Contributed by Kate Fleming
1891 was a fortunate year for the inhabitants of Cuckfield; the talented, handsome William Herrington was appointed headmaster of the National School, and Nurse Mary Stoner fulfilled a 'great and long felt need' in becoming the first district nurse in the parish. Two remarkable characters working in parallel in the village, to educate and inspire, and to nurse the 'sick poor people' and 'when not engaged in nursing the poor, ... employed as a nurse by others' as reported in the Parish Magazine at the time.
Mary Stoner was born in Mytten Twitten, Cuckfield in 1855. Her rural childhood was hampered by her Mother's constant illness and inability to work, and determined by her Father's employment as a farm worker with a gift for handling cattle and sheep. It was this expertise and experience that eventually landed him the enviable job of cowman for the Sergison family who lived at Cuckfield Park, and it was from here at the Old Mill that Mary Stoner had her schooldays and early adulthood.
In her diaries, she remembers her time at school with mixed emotions generated by contrasting relationships with her teachers. The governess in charge of girls, Miss Osbourne, found Mary Stoner challenging and resorted to the cane in order to improve her arithmetic and writing whereas teacher Sarah enjoyed the idiosyncrasies of this unusual little girl and contributed significantly to her development.
Like the majority of working-class girls in Victorian England, Mary left school in her early teens and went into domestic service in spite of a plea by the vicar, The Reverend Hollingworth, for her to continue her education. She had various jobs locally before she made her first trip to London to become a house-parlourmaid, but eventually, she had to return to Cuckfield to look after her ailing Mother.
After a year beginning to hone her nursing skills, Mary had her first working experience at Marshalls in the High Street, then and for many years after, the local surgery and home to the village doctor. Her stay was short however, and soon she was back at her childhood home Cuckfield Park as a housemaid for Major and Mrs Sergison. During this time they enjoyed a holiday on the Isle of Wight until the Major, his wife and twelve-year-old son 'went abroad' leaving the butler, cook, French maid, footman and Mary alone for two months with Master Michael and Miss Bunty, aged respectively six and ten.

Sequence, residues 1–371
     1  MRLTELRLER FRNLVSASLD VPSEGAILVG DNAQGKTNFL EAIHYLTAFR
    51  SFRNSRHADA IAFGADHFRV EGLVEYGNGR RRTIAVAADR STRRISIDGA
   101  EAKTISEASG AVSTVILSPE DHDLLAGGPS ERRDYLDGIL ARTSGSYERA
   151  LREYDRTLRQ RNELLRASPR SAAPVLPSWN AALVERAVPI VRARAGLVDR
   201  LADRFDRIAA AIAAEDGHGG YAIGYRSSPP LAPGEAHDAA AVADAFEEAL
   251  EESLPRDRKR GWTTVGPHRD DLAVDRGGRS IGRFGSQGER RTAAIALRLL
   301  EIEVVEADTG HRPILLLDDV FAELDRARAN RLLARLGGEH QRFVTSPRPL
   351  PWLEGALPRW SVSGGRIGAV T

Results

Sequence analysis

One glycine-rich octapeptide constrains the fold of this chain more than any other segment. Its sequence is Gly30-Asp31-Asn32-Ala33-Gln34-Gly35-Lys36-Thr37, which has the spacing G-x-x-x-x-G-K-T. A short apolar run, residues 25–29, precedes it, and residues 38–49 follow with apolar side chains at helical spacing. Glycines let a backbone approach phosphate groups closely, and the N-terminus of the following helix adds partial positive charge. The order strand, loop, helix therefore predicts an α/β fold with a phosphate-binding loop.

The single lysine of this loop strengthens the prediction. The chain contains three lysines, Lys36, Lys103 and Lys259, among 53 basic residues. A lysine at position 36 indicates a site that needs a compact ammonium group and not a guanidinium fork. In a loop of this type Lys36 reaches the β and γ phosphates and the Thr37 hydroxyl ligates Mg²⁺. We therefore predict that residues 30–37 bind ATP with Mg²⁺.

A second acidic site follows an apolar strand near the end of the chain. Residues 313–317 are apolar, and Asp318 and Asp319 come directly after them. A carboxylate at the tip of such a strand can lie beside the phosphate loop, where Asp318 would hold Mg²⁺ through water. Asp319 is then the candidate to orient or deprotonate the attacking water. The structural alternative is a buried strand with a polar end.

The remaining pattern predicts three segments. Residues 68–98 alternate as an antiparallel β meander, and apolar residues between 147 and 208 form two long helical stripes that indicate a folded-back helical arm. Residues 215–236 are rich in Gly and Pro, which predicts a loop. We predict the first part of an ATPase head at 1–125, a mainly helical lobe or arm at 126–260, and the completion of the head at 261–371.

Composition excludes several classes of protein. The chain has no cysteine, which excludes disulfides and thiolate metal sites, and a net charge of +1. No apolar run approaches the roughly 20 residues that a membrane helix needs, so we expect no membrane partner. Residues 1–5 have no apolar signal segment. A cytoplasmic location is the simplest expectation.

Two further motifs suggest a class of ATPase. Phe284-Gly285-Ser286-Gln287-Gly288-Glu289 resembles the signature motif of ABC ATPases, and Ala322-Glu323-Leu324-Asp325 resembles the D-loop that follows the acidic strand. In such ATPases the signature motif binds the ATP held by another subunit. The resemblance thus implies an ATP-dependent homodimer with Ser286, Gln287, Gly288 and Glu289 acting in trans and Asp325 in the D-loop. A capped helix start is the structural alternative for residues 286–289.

It was during her next employment in London that Mary met her only true love. He was a boot-maker and mender who sadly died of consumption, now known as tuberculosis, a year after they had met and had fallen in love. This tragic death seems to have been a turning point in Mary Stoner's life taking her back to her roots in Cuckfield and the start of a new vocation. As C.S. Lewis says, 'Hardships often prepare people for an extraordinary destiny.’
She applied for a job as an assistant nurse at Cuckfield Infirmary, but the Victorian job description was misleading, requiring in reality limited nursing, 'a few poultices on the old men in the morning' and hours of sewing. Mercifully for Cuckfield, a local dressmaker was employed instead and Mary Stoner was free to accept the offer of district nurse from vicar The Reverend Cannon Cooper. Her interview for this life-changing job was simple and her response indicative of her approach to nursing in-spite of her diminutive stature. She was barely five foot tall.
'Are you firm?' asked Rev. Cannon Cooper. 'Suppose the doctor orders a man three pills and he kicks and struggles over the first, would you say 'Poor fellow ' and let him off?’ Mary, without hesitation, hit back.' No, if the man were ordered six he would take them before I had done with him.’ Indeed many men were to rue the day they chanced their luck with Nurse Mary Stoner.
During the next twenty-five years she became a well-known figure bustling around the village dressed in a black, serge skirt, cape and hat firmly tied under her chin, always carrying her little black Gladstone bag containing her white apron and equipment. Everyone knew her and she knew everyone, always greeting each one with a cheery word and a smile. Day and night, through all weathers, struggling with vicious dogs, bad-tempered, loud-mouthed husbands and heartbreakingly ill children, Mary Stoner cared constantly for the people of Cuckfield. Her commitment to nursing was total and although it seems inappropriate to compare the litigious and political 21st-century medical care with over a hundred years ago, having a nurse in residence today seems to be a luxury only accessible to the rich and famous. Nurse Stoner however, moved in when the situation needed her all the time, and according to the rules and regulations of the Nursing Fund, ' ......when attending a Cottager's wife the Nurse will do all that is necessary for the care of her patient's family, except washing. The Nurse may receive no presents of money, and must not expect beers or spirits.’
Nurse Mary Stoner was much loved in Cuckfield by families rich and poor. The village showed their appreciation by subscribing to the Nursing Fund, the forerunner of National Insurance, to which they contributed according to their means with the rich supplementing the poor so that all could benefit from the skill and dedication of their beloved district nurse. Her newly-cleaned portrait hangs in Cuckfield Museum not only as a tribute to her special memory in our village history but also to the many Cuckfield nurses who have served us throughout the changing years with love and commitment to their remarkable profession.
'When you're a nurse you know that every day you will touch a life or a life will touch yours' ( Anon)
Quotes are from the book “Nurse Stoner’s Diaries” available for sale online or at the museum, £2.00 Click here.
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